Habitat is king. That’s a central tenet of many campaigns to save species. The loss of habitat—whether to farming, logging or pavement—is frequently named as a chief culprit for the decline of species. That’s true for everything from salmon swimming in dammed rivers to migratory birds stranded on drained marshlands.
That insight has made habitat protections a rallying cry for conservationists trying to staunch the worldwide decline in biodiversity. Most notably the United Nations has mounted a campaign with the slogan “30 by 30” to protect 30% of the worlds land and oceans by 2030.
But there is surprisingly little evidence on a global scale across the animal kingdoms that wildlife reserves work— until now. Scientists scrutinizing the fate of more than 1,000 vertebrate species around the world have found that populations inside protected areas such as national parks or wildlife refuges decline five times more slowly than populations living elsewhere.
“Protected areas take us from a situation in which biodiversity is not-so-slowly ebbing away, to one where populations are at least close to stable,” said Luke Frishkoff, a biologist at the University of Texas at Arlington who took part in the research
While some might think such work is just stating the obvious, the work by Frishkoff and fellow scientists at the Smithsonian Institution, the Zoological Society of London and a handful of universities puts the habitat-centric view to the scientific test. And it uncovers intriguing differences depending on the type of animal.
To quantify the potential effect of habitat, the researchers turned to two databases that contained research tracking the ups and downs of 2,239 populations representing 1,032 different vertebrate species, including amphibians, reptiles, mammals and birds. The scientists matched populations of similar species inside protected areas with ones outside protected areas. They also made sure to compare “in” and “out” groups living in similar surroundings, to avoid being misled by differences in external factors such as elevation or the number of people living nearby.
The results revealed a stark difference. Overall, species populations shrank by 1.8% every year outside protected areas, compared to .4% on the inside, the scientists reported Sept. 27 in Nature.
If that rate held steady, it means animals without protected habitat could see their populations halved in 40 years, compared to 170 years for ones living behind these protections, noted Frishkoff. While that’s not the same thing as seeing populations grow, the slower rate of decline can “buy us much-needed time to figure out how to reverse the biodiversity crisis,” he said.
Not all creatures saw the same benefits. Some of the hardest-hit species gained the most. Overall, birds saw the biggest gains, with a 1.7% decline in unprotected places versus .3% – more than five times less. Amphibians are declining by a staggering 7.5% each year without protections, compared with a still-grim 2.6% annual decline.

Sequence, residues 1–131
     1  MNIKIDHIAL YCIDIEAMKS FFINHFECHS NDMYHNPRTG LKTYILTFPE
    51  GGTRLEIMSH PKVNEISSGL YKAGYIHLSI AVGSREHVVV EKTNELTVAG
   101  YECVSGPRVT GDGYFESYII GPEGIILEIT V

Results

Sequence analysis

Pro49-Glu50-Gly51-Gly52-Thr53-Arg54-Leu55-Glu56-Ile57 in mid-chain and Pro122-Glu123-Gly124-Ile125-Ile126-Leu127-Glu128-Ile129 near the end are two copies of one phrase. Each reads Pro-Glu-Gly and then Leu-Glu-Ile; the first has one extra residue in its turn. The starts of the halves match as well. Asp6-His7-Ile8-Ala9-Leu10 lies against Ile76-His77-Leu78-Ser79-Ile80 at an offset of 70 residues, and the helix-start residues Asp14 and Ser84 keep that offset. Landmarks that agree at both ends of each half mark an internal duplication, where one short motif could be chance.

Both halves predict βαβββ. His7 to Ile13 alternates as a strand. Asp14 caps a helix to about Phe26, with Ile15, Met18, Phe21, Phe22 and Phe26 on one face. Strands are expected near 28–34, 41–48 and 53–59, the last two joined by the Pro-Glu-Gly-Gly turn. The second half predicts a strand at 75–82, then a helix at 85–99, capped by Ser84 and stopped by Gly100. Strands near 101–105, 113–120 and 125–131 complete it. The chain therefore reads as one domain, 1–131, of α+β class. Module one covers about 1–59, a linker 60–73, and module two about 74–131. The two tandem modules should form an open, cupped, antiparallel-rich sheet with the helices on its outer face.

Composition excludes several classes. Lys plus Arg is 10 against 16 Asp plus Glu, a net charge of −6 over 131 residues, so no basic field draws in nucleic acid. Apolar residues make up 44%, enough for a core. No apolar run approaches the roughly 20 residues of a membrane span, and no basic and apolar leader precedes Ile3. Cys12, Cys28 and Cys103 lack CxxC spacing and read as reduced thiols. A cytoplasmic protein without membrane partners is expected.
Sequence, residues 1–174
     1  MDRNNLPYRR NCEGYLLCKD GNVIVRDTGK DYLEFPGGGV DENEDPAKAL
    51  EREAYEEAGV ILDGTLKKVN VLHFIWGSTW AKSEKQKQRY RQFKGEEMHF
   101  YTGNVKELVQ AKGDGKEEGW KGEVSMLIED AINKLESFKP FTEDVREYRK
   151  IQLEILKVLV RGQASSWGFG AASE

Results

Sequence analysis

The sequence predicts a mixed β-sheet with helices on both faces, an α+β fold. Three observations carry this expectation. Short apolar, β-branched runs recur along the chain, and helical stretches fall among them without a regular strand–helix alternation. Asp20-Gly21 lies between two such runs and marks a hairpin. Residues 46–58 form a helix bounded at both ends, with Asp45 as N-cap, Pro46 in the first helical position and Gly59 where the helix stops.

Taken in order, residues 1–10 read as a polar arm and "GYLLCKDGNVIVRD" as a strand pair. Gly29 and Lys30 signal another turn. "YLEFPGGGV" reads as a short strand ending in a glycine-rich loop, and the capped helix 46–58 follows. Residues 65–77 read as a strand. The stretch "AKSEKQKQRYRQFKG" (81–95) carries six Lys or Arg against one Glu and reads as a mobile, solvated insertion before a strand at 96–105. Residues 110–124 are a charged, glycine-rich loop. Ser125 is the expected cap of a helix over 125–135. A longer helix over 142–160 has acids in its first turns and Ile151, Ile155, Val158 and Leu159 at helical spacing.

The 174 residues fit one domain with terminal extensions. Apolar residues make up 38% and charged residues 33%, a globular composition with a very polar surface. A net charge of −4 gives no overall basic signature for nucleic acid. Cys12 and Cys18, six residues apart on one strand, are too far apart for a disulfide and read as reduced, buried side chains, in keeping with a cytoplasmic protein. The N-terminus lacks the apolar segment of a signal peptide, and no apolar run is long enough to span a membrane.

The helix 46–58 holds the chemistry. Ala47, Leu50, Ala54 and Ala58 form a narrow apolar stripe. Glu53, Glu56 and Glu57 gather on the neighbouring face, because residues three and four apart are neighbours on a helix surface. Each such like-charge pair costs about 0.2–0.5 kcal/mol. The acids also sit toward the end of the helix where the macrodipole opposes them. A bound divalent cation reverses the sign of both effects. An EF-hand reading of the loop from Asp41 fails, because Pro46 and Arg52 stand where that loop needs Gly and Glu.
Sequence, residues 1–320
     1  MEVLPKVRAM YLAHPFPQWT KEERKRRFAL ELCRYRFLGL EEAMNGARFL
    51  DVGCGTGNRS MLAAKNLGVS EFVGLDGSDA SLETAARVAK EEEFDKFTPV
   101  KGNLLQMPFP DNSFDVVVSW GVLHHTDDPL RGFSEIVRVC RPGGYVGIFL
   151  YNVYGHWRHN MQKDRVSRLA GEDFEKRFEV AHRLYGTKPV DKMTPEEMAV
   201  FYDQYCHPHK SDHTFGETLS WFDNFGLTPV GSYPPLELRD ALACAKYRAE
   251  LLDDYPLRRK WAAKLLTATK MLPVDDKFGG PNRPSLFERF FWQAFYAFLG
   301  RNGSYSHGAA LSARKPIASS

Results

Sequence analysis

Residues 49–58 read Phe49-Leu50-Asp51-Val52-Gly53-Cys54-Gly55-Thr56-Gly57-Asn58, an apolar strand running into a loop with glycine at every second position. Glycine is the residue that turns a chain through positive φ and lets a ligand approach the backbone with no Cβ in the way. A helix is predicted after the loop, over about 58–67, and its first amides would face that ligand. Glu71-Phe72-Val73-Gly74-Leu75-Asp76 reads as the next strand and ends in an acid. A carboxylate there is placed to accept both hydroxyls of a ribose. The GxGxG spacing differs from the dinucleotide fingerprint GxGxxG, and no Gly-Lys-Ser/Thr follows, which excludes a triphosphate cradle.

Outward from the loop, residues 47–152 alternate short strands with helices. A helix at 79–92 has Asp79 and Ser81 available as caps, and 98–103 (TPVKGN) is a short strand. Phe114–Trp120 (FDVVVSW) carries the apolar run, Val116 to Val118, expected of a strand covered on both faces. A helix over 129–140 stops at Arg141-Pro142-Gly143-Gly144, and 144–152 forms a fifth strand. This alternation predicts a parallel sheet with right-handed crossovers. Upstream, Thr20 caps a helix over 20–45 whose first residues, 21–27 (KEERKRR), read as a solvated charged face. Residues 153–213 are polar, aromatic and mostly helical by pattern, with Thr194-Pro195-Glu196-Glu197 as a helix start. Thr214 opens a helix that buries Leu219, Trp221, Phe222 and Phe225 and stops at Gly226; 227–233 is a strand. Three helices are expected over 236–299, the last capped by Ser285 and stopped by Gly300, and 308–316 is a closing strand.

“Amphibians typically have fairly small home ranges, and they’re also really sensitive to small changes in the environment,” said Jessica Deichmann, an ecologist with the Liz Claiborne & Art Ortenberg Foundation who took part in the study. “So, with amphibians living within protected areas, you’re really able to protect more of the habitat that they’re utilizing than you are with, say, a mammal that has a really large home range.”
In fact protected areas overall delivered fewer benefits to mammals and reptiles, at least when it comes to overall population changes. The advantages of refuges were small enough that they weren’t statistically significant.
While the research adds heft to calls for habitat protections, it also shows that simply setting aside land isn’t always enough. The data analysis showed that when habitat was lost on land surrounding protected areas, it diminished the benefits for amphibians dwelling in the refuges. Reptiles and amphibians in the tropics, meanwhile, proved especially sensitive to rising temperatures courtesy of climate change regardless of whether they were in protected areas. That is likely because these creatures are cold-blooded, making them less able to maintain safe body temperatures when their surroundings heat up.
Then there is the political factor. Protected areas performed better in countries ranked by as having more effective governments that maintain the rule of law and aren’t wracked by violence or corruption. The findings underscore that putting lines on a map doesn’t necessarily translate to protections.
“Countries can comply with 30 by 30 by creating ‘paper parks’ [parks that exist on maps but are largely ineffective],” Deichmann said. “But that will not achieve the desired outcomes of 30 by 30.
In fact, the benefits to species from living in well-run countries was roughly equal to the benefit of living inside a protected area, the scientists found. One more reason to work for democratic governments and the rule of law.
Nowakowski, et. al. “Protected areas slow declines unevenly across the tetrapod tree of life.” Nature. Sept. 27, 2023.
Image: Hourglass tree frog by Brian Gratwicke